Do you need some Chess Openings?
I am terrible at Chess, unable to think ahead, to see anything, but I am very interested in it (in no small part be cause some of my favorite authors and directors were interested in it*), and the people who play it; and the machines. There is a great article in last week's New Yorker about Hydra, the world's best computer chess player. Computer chess is more complicated than I thought. Becuase Chess is even more complex than a computer can figure out, it all comes down to how the computer is programed (such as brute force v. strategy); comes down to the personality of the person programming. Grandmasters are studying computer chess matches and learning startling new things about the game, about what is possible, about what works. The Upshot: in most cases the computers are making plays that no human would ever attempt because they are, to us, crazy/stupid; irrational, inconceivable; but because a computer doesn't get nervous, it doesn't mind playing close to the edge.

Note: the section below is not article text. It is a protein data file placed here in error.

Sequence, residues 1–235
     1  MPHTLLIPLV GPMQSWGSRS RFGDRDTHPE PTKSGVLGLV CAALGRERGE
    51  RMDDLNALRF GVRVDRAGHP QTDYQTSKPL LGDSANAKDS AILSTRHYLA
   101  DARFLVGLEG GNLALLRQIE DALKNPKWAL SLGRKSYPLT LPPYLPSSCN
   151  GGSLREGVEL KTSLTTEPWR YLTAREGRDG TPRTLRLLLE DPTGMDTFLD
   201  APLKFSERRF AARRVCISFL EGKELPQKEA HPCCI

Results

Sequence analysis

Chess problems demand from the composer the same virtues that characterize
all worthwile art: originality, invention, conciseness, harmony, complexity, and
-- Vladimir Nabokov, Poems and Problems, 1969 (via Ye Olde Dust Congress)
*and "One Night in Bangkok" is a great song.